c
, the numberof prototypes, must be provided by the user. There are various options we can take when using FCMand its extensions and derivatives. The ﬁrst is the choice of metric with which points are compared tothe prototype. Another choice to make is the prototype description. Normally this is taken to be a point,however clusters may not always be shaped like point clouds (hyperellipticallyshaped), but can rathertake other shape formations. As the cluster we seek (the LV) is more or less hyperelliptical in shape wecan safely use a point prototype. To simplify computationalcalculations, the metric with which to comparepoints to prototypes is chosen to be Euclidean distance.
3 RESULTS
We assessed the impact of velocity data by clustering ﬁrst with
V
θϕ
y zvxv zv yx
Figure 3.
and
deﬁne the directionof the velocity vector at a given point.out it, and then with combinations of it. The input in the ﬁrstinstance was threedimensional:
x
and
y
, for the
x
and
y
coordinates of a pixel; and
d
, for the tissue density at that pixel.In the second experiment we added a fourth dimension,
V
, consisting of the combined magnitude of the
v
x
,
v
y
, and
v
z
velocitycomponents at each pixel, as shown in ﬁgure 3 and described by:
V
=
p
v
x
2
+
v
y
2
+
v
z
2
:
In the third experiment, we removed
V
and replaced it with
and
. These angles describe the directionof the velocity ﬁeld at a given pixel (see ﬁgure 3).The
m
fuzziness factor of the FCM algorithm was chosen to be2.0, and
c
was set to four as this gave the most intuitive segmentation of the images. The output was in the form of cluster prototypes and the membership matrix. For each frame after the ﬁrstone, we initialised FCM with the prototype locations of the previous frame. We then selected the cluster corresponding to the LVblood pool area and tracked its membership across the sequence.To count the pixels in the LV, we considered a pixel part of the LV cluster if its membership with thatcluster was higherthan its membershipswith the otherclusters. This rule is commonlycalled the
max rule
.Then we then ran a simple region growing routine to count the pixels in the LV area.In ﬁgure 4, we compare the calculated areas of the leftventricular blood pool using the three routes wetook with a ’ground truth’ established by a clinician. The cine sequence is that of a normal patient.
50010001500200025003000350040000246810121416
L V P l a n a r A r e a ( p i x e l s )
Frame NumberGround TruthMax rule: Density data onlyMax rule: Density + VMax rule: Density + directions
Figure 4.
Comparison of calculated LV area for the three data sets used.We note that clustering with velocity magnitude tends to produce quite erratic results at frames 12 and13. We ﬁnd that the density and densityanddirectional data produced almost identical results in terms of LV area (but not in terms of clustering). We also ﬁnd that, in general, the clustering results are all on theconservative side of estimating LV area.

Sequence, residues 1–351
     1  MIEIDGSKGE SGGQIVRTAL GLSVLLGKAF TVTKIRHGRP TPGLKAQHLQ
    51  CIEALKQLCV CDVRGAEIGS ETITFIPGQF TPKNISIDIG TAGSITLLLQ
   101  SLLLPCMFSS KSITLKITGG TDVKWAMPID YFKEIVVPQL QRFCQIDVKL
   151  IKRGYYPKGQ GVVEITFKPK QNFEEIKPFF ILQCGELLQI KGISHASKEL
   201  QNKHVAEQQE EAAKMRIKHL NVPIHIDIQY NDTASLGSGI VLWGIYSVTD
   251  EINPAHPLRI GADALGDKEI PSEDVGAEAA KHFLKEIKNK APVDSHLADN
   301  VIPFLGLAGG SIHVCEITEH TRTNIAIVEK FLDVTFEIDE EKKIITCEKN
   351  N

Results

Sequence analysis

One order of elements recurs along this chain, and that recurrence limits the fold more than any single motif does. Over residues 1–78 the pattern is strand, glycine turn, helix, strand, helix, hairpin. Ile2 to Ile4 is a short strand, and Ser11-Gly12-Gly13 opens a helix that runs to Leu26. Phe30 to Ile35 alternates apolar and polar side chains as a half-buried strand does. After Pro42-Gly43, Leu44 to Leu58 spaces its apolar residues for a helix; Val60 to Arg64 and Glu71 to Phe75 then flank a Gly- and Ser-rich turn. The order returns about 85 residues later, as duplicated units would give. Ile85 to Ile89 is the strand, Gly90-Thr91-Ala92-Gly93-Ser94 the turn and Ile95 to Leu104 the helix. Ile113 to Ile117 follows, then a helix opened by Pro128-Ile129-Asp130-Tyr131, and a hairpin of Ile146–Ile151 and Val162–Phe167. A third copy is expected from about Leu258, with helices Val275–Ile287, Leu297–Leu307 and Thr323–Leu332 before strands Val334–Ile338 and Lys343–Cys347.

4 CONCLUSIONS
As the aim of our research is to empower the clinician with a simpletouse tool like FCM, we did notattempt to derive a new algorithm to take account of the special nature of the velocity data. Our resultsprove that including the velocity magnitude data in the data set can actually give misleading results, butthat the directional velocity information is useful in verifying densitydata results.The FCM algorithm has proven itself to be quite robust. Given the fact that it starts with almost no priorinformation, it is quite accurate. However, we note the shortcoming of having to experiment in order toﬁnd a suitable value for
c
. We remindthe readerthat we avoided the problemof nonrepeatabilityof resultsby using the result of one frame to start off the next. However, the problem of nonrepeatability still existswhen we cluster the ﬁrst frame.Ourtechniqueiseasytouseandveryintuitive;cliniciansimmediatelygraspeditsapplication. Theaccuracyof our results show a lot of promise.
Acknowledgements
We would like to thank Dr Philip Kilner of the MR Unit, Royal Brompton Hospital for his comments onthe results of our research.
References
1. J. Bezdek.
Pattern Recognition with Fuzzy Objective Function Algorithms
. Plenum Press, 1981.2. M. C. Clark, L. O. Hall, D. B. Goldgof et al. “MRI segmentation using fuzzy clustering techniques.”
IEEE Engineering in Medicine and Biology Magazine
13(5)
, pp. 730–742, 1994.3. A. Boudraa, J.J. Mallet, J.E. Besson et al. “Left ventricle automated detection method in gated isotopic ventriculography using fuzzy clustering.”
IEEE Transactions on Medical Imaging
12(3)
, September 1993.4. H.K. Tu, D. B. Goldgof & E. Backer. “Utilizing fuzzy
c
shells for automatic approximate lv location for initialization of myocardial structure and functions analysis algorithm.” In
Medical Imaging 1994: Physiology and Function from Multidimdensional Images
. 1994.